September 11, 2020 3:00:11 am
In early March this year, the Employees’ Provident Fund Organisation (EPFO) had lowered the interest rate on provident fund savings for 2019-20 to a seven-year low of 8.5 per cent, down from 8.65 per cent the previous year. On Wednesday, the central board of trustees of the EPFO recommended paying the 8.5 per cent interest in a staggered manner due to “exceptional circumstances arising out of COVID-19”. According to the recommendation, which will now have to be approved by the Finance Ministry, EPFO subscribers will get 8.15 per cent interest for 2019-20 immediately, while the balance 0.35 per cent or around Rs 2,700 crore will be credited by the end of December, subject to the redemption of its units in exchange traded funds (ETFs). While in March, when the 8.5 per cent interest was announced, the estimates showed that it would leave a surplus of Rs 700 crore with the fund, the decision now to stagger the interest payment has been driven by the fund’s losses on its equity holdings. The collapse of the stock market in March owing to uncertainty over the state of the economy due to the spread of COVID-19 and the imposition of the national lockdown, dragged down the fund’s return on equity investments to (-) 8.3 per cent in 2019-20, from 14.7 per cent in the prior fiscal year.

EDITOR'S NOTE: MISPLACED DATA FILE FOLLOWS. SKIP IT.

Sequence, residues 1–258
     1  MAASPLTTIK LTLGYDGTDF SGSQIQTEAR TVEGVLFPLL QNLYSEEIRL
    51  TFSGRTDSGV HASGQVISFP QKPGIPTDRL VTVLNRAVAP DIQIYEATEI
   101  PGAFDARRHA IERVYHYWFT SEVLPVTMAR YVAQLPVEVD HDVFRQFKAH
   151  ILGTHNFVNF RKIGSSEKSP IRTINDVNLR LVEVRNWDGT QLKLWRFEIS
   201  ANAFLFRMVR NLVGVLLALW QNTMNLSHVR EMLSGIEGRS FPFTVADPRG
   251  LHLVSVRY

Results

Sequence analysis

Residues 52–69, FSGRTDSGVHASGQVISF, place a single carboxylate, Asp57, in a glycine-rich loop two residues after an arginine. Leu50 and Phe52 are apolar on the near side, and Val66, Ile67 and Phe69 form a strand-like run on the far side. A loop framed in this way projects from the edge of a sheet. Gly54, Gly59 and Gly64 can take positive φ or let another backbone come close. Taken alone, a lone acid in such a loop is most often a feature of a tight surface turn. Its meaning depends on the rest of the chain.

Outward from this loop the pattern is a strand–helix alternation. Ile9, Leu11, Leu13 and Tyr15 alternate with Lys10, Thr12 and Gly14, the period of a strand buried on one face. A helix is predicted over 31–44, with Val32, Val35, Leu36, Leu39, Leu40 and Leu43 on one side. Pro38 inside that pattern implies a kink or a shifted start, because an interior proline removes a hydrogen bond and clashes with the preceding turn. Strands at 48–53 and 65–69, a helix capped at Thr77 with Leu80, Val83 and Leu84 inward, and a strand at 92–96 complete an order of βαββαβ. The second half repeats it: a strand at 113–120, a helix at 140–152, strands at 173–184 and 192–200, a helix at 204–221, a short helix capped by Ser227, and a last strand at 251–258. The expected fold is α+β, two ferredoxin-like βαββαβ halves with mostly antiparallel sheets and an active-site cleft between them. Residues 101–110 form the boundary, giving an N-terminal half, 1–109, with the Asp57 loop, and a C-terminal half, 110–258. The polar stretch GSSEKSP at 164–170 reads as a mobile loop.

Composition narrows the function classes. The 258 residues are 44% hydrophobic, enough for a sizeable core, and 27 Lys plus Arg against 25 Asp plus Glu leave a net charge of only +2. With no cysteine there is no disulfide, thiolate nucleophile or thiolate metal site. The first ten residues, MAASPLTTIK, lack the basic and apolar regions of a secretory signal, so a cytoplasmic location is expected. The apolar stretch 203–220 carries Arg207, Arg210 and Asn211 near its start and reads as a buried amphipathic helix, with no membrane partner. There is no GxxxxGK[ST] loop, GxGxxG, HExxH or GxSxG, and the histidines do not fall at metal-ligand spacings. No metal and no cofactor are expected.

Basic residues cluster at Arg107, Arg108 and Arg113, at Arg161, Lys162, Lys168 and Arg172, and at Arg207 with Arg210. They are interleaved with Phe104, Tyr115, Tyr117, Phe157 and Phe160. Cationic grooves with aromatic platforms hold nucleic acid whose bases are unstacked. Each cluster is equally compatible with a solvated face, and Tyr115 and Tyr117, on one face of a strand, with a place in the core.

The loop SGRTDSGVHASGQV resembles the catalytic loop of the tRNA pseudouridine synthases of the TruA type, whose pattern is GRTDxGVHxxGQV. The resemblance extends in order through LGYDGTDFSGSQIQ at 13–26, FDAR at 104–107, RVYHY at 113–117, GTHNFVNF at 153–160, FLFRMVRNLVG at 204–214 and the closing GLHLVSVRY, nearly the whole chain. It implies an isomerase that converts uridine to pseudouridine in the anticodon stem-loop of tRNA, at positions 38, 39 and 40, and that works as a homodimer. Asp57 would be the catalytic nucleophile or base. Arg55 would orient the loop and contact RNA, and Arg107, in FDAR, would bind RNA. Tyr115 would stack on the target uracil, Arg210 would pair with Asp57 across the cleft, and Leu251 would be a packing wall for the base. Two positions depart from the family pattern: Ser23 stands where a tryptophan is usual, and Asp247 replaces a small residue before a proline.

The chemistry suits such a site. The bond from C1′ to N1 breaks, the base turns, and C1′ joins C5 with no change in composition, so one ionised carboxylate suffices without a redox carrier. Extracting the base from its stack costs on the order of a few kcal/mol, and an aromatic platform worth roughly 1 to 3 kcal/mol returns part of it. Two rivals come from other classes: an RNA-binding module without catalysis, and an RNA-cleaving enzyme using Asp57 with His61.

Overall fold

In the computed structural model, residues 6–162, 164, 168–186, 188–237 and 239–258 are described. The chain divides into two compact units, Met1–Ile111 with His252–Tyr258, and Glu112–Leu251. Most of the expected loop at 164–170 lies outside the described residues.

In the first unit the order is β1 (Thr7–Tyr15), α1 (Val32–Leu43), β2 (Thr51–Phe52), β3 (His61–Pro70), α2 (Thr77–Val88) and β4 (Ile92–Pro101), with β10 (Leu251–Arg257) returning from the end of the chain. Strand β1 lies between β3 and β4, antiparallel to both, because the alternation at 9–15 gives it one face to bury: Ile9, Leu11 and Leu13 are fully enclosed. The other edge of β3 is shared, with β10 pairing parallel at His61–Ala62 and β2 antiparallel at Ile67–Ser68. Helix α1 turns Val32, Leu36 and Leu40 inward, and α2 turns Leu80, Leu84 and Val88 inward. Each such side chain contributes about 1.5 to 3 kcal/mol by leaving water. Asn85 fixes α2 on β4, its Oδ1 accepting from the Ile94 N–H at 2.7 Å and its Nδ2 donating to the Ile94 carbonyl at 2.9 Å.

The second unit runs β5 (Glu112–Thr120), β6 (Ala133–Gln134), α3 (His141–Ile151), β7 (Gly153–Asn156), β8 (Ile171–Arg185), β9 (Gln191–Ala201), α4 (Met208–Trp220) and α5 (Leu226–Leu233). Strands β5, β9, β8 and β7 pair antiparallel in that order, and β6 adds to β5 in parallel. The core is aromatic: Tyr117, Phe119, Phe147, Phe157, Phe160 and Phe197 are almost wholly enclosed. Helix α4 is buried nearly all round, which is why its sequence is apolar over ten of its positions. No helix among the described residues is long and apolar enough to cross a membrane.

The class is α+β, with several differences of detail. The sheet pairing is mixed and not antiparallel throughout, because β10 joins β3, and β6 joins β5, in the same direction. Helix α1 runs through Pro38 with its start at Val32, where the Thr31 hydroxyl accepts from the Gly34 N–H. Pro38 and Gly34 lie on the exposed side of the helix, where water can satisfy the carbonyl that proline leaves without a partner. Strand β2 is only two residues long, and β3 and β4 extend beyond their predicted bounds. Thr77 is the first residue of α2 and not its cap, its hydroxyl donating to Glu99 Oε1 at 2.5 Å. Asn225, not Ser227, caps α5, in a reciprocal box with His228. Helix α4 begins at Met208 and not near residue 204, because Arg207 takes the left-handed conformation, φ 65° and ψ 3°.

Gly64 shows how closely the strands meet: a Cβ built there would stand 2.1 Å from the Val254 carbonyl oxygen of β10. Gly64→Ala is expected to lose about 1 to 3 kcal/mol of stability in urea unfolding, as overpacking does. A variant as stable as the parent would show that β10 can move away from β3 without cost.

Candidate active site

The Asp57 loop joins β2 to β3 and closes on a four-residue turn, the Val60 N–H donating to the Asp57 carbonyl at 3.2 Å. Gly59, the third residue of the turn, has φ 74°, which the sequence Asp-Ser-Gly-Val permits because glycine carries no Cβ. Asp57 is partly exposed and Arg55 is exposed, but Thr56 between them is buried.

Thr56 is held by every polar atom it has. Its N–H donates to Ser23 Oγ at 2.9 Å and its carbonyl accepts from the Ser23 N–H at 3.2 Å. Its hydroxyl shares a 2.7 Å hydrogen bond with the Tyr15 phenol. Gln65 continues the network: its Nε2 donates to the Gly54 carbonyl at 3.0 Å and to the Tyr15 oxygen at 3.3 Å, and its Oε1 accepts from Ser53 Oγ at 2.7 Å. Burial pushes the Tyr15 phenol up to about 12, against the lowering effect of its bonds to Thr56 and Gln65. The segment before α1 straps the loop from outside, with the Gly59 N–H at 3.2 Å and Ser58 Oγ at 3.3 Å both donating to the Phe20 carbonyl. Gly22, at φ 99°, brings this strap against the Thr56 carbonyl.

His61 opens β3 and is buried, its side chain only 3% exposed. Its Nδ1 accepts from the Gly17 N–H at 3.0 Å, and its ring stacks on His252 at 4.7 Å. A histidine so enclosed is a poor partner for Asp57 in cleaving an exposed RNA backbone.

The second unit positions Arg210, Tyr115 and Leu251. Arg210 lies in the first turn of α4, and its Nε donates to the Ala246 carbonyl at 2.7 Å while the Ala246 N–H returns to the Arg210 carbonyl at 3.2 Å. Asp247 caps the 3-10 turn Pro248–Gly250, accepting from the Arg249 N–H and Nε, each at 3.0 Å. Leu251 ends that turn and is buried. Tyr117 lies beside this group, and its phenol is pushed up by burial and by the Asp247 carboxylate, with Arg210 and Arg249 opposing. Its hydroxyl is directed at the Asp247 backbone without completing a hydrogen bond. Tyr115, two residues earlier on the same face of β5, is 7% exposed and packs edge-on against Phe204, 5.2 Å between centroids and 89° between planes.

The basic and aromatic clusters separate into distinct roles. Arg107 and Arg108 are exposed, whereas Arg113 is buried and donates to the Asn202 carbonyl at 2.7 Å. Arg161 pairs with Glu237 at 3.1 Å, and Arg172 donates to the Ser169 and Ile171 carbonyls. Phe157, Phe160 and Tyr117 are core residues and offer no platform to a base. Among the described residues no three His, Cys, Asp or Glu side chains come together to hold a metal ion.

EPFO subscribers may have to brace themselves for an even lower interest rate this year. While any reduction in the interest rate is bound to be unpopular with its over 6 crore subscribers, this will be the right decision. With the monetary policy committee of the Reserve Bank of India cutting the benchmark repo rate sharply over the past few months, and the central bank actively intervening in the bond market in order to stimulate economic activity, there has been a sharp reduction in both short- and long-term rates in the broader economy. In fact, the 10-year G-sec yield now stands at 6.05 per cent. Add to that the possibility of continuing stock market volatility due to lingering uncertainty, and proposing a higher interest rate that is not in sync with the conditions in the broader economy will be unsustainable. In fact, in the past too, the finance ministry is reported to have raised questions over the organisation recommending a high interest rate.
The EPFO and its subscribers must be mindful that promises of returns higher than yields on government securities will be met through riskier investments such as corporate debt and equities. In an uncertain economic environment, for an organisation that provides social security for India’s formal workforce, the risks of such exposures can hardly be emphasised enough. In the past, too, the EPFO has been questioned over its exposure to risky entities such as the IL&FS. The organisation thus must seek to minimise the risk for its subscribers, and align itself more closely with the overall interest rate scenario in the economy.
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